Confront darkness at winter solstice
This originally appeared in The Inquirer, Issue 8001
The winter solstice, a celebration of the shortest day, when the suns seems to be standing still over the Tropic of Capricorn before turning to push its light and warmth back towards the north. It was a time for lighting fires to encourage the sun to begin its return journey. Yule is a celebration of light and the evergreens. The Norse goddess Frigda was said to weave the fates of a person’s life into a ring and from that we have the tradition of the wreath placed on the door of the house. Holly and Ivy were also brought into the house, so too was a young tree, as a place for the forest sprite to stay. The exchange of gifts came from the Roman feast of Saturnalia. Not only were gifts exchanged, so too were places. The master waited on the servant. The slave became the master. People dressed up as the opposite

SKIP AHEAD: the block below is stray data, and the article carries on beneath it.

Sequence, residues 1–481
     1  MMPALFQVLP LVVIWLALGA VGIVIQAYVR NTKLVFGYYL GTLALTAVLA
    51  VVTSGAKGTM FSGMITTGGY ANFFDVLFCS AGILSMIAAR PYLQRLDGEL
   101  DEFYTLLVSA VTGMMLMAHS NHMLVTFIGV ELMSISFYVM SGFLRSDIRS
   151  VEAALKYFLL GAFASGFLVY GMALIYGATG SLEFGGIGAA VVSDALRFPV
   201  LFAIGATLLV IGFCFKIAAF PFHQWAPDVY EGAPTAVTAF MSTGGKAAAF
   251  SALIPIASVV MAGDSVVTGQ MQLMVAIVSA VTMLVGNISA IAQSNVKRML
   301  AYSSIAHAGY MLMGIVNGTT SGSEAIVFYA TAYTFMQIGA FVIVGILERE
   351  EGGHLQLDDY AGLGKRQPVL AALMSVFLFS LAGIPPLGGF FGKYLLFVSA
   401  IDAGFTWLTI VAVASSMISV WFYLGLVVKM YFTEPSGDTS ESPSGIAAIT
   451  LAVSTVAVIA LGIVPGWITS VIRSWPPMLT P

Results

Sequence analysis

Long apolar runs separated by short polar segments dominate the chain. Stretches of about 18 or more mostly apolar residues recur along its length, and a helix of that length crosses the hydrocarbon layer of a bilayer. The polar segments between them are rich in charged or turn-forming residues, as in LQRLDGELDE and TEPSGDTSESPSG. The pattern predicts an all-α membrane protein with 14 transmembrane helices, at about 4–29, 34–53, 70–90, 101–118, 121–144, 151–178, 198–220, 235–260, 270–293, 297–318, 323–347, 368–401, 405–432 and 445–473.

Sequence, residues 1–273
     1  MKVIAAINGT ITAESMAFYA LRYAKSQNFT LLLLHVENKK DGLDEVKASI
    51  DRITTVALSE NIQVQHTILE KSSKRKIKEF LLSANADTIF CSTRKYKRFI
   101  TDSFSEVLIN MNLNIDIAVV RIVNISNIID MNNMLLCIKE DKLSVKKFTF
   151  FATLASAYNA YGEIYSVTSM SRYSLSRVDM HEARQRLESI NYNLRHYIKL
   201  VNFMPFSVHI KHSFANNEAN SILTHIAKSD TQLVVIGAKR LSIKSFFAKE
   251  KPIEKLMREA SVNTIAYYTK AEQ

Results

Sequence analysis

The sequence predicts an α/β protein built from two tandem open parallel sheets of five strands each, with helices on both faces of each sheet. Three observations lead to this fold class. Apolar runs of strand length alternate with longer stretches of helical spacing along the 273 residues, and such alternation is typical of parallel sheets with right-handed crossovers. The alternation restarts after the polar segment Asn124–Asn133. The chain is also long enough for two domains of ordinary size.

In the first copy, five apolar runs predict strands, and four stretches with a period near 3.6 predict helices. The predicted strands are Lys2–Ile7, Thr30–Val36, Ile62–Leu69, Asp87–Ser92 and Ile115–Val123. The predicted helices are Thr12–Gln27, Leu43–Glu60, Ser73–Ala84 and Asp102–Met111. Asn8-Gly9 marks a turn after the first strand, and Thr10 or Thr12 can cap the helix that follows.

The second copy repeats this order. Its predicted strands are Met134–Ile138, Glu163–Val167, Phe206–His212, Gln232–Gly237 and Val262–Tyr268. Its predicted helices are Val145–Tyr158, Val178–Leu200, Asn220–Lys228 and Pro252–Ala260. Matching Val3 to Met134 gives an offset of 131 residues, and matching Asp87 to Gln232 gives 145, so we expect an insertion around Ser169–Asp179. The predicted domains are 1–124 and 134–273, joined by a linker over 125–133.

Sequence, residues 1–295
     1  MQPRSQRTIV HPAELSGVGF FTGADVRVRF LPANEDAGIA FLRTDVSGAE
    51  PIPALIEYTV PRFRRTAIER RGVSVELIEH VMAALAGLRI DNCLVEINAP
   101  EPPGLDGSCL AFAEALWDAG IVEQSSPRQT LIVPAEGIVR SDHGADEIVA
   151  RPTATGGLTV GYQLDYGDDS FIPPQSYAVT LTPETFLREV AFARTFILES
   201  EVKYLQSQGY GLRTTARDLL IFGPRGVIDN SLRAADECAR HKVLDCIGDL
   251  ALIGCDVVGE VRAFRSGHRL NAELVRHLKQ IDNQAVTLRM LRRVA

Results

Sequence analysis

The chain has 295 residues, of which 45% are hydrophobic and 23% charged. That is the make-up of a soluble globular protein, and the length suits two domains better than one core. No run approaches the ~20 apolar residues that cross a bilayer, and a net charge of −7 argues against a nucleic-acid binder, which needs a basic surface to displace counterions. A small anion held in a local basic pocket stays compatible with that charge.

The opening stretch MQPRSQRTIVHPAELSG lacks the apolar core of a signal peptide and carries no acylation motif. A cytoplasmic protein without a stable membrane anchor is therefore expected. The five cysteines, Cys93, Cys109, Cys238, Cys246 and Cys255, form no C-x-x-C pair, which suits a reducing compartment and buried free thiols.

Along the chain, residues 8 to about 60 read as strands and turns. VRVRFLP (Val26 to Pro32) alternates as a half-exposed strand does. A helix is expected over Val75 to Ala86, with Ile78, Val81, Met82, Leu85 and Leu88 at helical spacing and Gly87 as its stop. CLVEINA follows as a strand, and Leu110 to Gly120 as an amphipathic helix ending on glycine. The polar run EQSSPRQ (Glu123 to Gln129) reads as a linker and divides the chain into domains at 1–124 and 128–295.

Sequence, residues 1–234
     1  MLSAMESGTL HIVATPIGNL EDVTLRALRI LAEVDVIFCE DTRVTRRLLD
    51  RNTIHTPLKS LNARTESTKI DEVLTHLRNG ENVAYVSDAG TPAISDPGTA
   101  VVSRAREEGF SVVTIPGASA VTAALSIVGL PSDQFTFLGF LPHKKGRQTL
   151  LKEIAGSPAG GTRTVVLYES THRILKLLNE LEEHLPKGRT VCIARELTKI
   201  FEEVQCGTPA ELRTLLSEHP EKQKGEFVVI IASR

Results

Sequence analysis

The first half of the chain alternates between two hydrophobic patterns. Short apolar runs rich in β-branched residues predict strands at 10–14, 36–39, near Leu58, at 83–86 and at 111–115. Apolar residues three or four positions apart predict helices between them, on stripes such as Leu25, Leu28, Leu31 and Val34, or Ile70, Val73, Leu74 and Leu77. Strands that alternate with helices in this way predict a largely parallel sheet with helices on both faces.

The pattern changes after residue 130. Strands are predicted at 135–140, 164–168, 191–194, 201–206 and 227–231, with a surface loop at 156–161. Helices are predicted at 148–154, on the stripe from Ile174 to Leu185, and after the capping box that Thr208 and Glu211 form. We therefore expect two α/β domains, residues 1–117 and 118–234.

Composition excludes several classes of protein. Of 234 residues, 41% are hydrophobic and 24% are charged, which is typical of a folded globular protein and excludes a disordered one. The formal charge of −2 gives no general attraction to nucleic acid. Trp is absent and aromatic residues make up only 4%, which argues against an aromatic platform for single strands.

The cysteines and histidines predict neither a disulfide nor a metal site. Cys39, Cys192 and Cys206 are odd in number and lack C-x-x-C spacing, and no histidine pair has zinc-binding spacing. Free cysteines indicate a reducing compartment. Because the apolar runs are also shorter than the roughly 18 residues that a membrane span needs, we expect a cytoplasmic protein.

sex. This lives on in the tradition of the pantomime, a fairy tale story where the Principal Boy is played by a girl and the female villain by a man.
Worship Words Licence
YOU ARE FREE TO:
– copy and redistribute the material in any medium or format.
– adapt, change and build upon the material for any purpose.
The licensor cannot revoke these freedoms as long as you follow the licence terms.
UNDER THE FOLLOWING TERMS:
You must give appropriate credit in a reasonable manner. This means naming the author (if supplied), stating the title of the work (if supplied), and indicating if changes were made. This will not be in a way that suggests the author endorses you or your use.
You may not apply terms that restrict others from sharing the material in a way that the licence permits.
You do not have to comply with the licence for elements of the material in the public domain or where your use is permitted by an applicable exception or limitation.
No warranties are given, the licence may not give you all of the permissions necessary for your intended use. For example, other rights such as publicity, privacy, or moral rights may limit how you use the material.